... "There is a warning for all of us in the occurrence...and above all a warning for the veterans of McMinn County, who also violated a fundamental principle of democracy when they arrogated to themselves the right of law enforcement for which they had no election mandate. Corruption, when and where it exists, demands reform, and even in the most corrupt and boss-ridden communities there are peaceful means by which reform can be achieved. But there is no substitute, in a democracy, for orderly process." (NYT, 3 Aug 1946, p. 14.)​
The editorialist did not see:
  • McMinn Countians' many appeals for outside help;
  • some ruthless people only respect force;
  • that it was wrong to equate use of force by evil-doers (Cantrell and Mansfield) with the righteous (the GIs).

The New York Times:
  • never saw that Cantrell and Mansfield's wholesale election fraud, enforced at gun-point, trampled the Rule of Law;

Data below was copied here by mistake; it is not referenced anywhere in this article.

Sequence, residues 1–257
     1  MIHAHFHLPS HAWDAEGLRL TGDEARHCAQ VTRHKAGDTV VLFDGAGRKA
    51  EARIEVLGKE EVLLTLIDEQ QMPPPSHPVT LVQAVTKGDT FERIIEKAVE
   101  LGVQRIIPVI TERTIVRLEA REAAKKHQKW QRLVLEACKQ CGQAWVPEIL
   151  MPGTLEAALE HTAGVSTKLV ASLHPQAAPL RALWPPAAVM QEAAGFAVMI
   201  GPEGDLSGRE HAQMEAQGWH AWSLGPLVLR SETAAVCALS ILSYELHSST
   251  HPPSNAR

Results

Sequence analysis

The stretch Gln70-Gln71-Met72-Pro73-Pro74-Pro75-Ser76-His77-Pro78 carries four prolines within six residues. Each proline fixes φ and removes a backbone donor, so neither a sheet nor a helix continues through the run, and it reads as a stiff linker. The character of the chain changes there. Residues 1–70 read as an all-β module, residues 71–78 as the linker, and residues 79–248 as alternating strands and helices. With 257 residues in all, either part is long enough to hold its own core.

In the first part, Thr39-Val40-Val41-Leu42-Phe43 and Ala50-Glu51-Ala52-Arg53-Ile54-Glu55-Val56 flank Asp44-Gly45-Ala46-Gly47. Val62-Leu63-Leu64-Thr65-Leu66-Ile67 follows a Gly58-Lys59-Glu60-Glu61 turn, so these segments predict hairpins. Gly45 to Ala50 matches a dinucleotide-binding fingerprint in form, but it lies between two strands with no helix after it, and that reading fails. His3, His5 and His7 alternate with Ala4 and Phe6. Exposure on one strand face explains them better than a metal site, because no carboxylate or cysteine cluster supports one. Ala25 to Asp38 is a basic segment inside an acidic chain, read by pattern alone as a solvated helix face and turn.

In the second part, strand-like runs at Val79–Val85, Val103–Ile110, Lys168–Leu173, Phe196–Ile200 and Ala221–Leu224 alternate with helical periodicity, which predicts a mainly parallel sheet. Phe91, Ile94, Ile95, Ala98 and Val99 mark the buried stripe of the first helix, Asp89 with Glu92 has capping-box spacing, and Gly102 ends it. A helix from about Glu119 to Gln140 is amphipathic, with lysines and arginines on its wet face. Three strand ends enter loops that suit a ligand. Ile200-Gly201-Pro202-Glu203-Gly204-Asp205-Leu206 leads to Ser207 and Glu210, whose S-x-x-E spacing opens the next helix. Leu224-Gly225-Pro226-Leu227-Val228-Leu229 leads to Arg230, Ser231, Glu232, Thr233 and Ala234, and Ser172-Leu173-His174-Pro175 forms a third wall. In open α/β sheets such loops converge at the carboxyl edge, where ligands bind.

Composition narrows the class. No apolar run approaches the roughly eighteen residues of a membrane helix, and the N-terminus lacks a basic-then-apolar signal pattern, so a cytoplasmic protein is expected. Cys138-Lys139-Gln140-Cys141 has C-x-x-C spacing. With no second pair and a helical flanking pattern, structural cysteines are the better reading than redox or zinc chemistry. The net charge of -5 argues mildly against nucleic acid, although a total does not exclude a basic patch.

• feared citizens' restoring the Rule of Law by armed force.

Other outsiders, e.g., Time and Newsweek, agreed. (See Time, 12 August 1946, p. 20; Newsweek, 12 Aug 1946, p. 31 and 9 September 1946, p. 38).
The 79th Congress adjourned on 2 August 1946, when the Battle of Athens ended. However, Representative John Jennings, Jr., from Tennessee decried:
  • McMinn County's sorry situation under Cantrell and Mansfield;
  • the Justice Department's repeated failures to help the McMinn Countians.

Jennings was delighted that "...at long last decency and honesty, liberty and law have returned to the fine county of McMinn...". (Congressional Record, House; U.S. Government Printing Office, Washington, D.C., 1946; Appendix, Volume 92, Part 13, p. A4870.)
IX. The Lessons of Athens

Those who took up arms in Athens, Tennessee:
  • wanted honest elections, a cornerstone of our Constitutional order;